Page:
Having a great smile as an adult starts with great care as a child. At The Smile Anchorage we are enthusiastic about treating all of your family’s dental needs, including your children. From toddlers to teens and beyond, we approach your family and their dental health with care.
With very young children it is our primary goal to make sure that their first visits to see a dental care professional are as easy and trauma free as possible. So often we see adults that had such poor experiences as children that they have stayed away from the dental office for long periods of time, only adding to the problems that they may then face when returning to the dental care setting. We want to avoid these unpleasant memories for our child patients. This starts with simple, friendly visits where we can take some extra time to make sure that your little one is comfortable and ready to be seen.
In those cases where your child already has a high level of anxiety about seeing a dentist, we can evaluate their need to be seen in a pedodontist’s office. A pedodontist is a specialist that has special training for children that exhibit certain behaviors, and have offices that are better equipped to serve children with these kinds of needs. Not all children will need a pedodontist, but for those who do have that need, we can refer you to one of many area pedodontic specialists that will take great care of your child.
When Should My child See A Dentist?
During dental school, one of Dr. Ranney’s professors said that a person should bring their child to see a dentist “when they have teeth”. Today, the American Academy of Pediatric Dentistry says that children should have their first visit by their first birthday. It’s very important to introduce children to good oral health care early, as some statistics tell us that as many as 25% of children have a cavity by age four! These early visits to the dental office can help to determine your child’s risk for getting dental decay. We can see the current status, and recommend a plan for how to maintain or improve things like diet, habits and prevention. Dr. Ranney even suggests bringing your child by the office for a visit before they have any actual exam. Let them come by the office, meet the staff and get to know the environment before they have any actual time in the chair.
If your child is complaining of tooth pain, call us right away and schedule a time to have us take a look and assess the problem. With tooth pain, the problems usually get worse rather than get better. The lower amount of discomfort that is occurring when your child gets to our office will greatly help with their level of comfort and openness to treatment.
You Have Questions. We Have Answers.
Here are some frequently asked questions about your kids and dentistry.
How much will it cost? firstname.lastname@example.org
The cost of any particular procedure is going to vary depending on a number of factors. For example, you may have an insurance plan that has a specific contracted payment amount, or you may have an insurance co-pay or deductible. For an accurate cost on any particular treatment, please contact our front office staff and we will gladly help you determine your out-of-pocket costs.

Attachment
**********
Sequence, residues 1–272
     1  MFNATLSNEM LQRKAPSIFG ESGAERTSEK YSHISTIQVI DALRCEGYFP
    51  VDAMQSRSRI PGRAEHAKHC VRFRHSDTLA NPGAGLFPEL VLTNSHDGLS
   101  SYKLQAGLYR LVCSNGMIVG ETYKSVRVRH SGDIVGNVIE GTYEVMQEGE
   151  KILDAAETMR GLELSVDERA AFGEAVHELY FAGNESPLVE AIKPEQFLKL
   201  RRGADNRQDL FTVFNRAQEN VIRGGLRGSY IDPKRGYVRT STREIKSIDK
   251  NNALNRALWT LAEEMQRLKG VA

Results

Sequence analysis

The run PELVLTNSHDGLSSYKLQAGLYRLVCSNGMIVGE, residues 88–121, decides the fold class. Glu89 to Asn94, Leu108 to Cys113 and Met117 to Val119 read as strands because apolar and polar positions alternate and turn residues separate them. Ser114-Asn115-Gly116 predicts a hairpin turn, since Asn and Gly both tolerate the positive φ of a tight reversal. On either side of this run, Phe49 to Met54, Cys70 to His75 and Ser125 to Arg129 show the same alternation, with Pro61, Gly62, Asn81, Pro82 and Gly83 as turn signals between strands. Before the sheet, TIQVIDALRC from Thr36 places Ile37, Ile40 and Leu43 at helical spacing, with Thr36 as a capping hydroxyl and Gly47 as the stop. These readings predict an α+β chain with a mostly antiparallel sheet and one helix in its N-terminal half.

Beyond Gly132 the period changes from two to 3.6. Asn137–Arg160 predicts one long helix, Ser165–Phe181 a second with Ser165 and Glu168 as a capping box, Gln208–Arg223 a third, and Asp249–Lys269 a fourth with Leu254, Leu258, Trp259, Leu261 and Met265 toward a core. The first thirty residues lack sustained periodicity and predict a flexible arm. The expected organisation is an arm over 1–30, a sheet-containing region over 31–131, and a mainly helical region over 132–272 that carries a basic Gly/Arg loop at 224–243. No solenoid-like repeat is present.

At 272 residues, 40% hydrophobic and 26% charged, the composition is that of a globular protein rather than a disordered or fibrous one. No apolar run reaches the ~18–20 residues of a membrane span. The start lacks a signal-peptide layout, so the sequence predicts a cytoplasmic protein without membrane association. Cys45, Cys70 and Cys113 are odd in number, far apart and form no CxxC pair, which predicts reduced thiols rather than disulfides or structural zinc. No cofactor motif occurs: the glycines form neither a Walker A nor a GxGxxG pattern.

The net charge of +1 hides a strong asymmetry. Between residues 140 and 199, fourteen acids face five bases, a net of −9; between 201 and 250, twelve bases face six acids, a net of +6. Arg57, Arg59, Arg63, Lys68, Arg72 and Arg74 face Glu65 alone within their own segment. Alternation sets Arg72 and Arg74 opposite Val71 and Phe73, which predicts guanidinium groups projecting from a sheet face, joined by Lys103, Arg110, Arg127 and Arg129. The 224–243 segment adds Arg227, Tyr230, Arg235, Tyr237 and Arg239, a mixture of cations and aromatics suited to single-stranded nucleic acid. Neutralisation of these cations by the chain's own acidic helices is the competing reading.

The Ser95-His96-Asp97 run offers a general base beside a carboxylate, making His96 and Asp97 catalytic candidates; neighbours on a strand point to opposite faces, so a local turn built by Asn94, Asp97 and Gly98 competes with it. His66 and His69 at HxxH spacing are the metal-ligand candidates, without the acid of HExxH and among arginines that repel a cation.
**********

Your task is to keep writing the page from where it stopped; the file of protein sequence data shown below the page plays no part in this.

When will my child’s teeth come in? email@example.com
In general, the lower front teeth on an infant come in around six months of age. The two upper front teeth usually follow soon after. There are no exact ages or order that teeth follow, but the following table can help you to see when the averages are for each tooth.
When will my child lose his or her teeth? firstname.lastname@example.org
There is no exact way to say for certain when your child will lose a particular tooth. There are some general guidelines, however. Kids will start to lose teeth around age four to five. Baby teeth will be lost over the next 8-10 years as they grow up. Most of the baby teeth are gone by age 13 or 14. The first teeth to go are often the upper front teeth. Below is a general chart for when the baby teeth come in, and when they are lost.
My little one has a toothache. What should I do? email@example.com
Start with a visual inspection. Look for any signs of swelling or infection. You can rinse the area with a warm salt-water solution. Use a cold compress if swelling is present. If your child has no allergies, use children’s acetaminophen (Tylenol) to help with the hurting. Call a dentist right away so that the problem can be assessed and treated. Never, NEVER place aspirin or other medications directly on the tooth or gums, as this can cause serious chemical burns and other complications.
At what age should my child see a dentist? firstname.lastname@example.org
You should begin taking your child to see a dentist when they first have teeth, or if they have not developed teeth by their first birthday. Additionally, you should start proper home care of the teeth when the teeth first appear.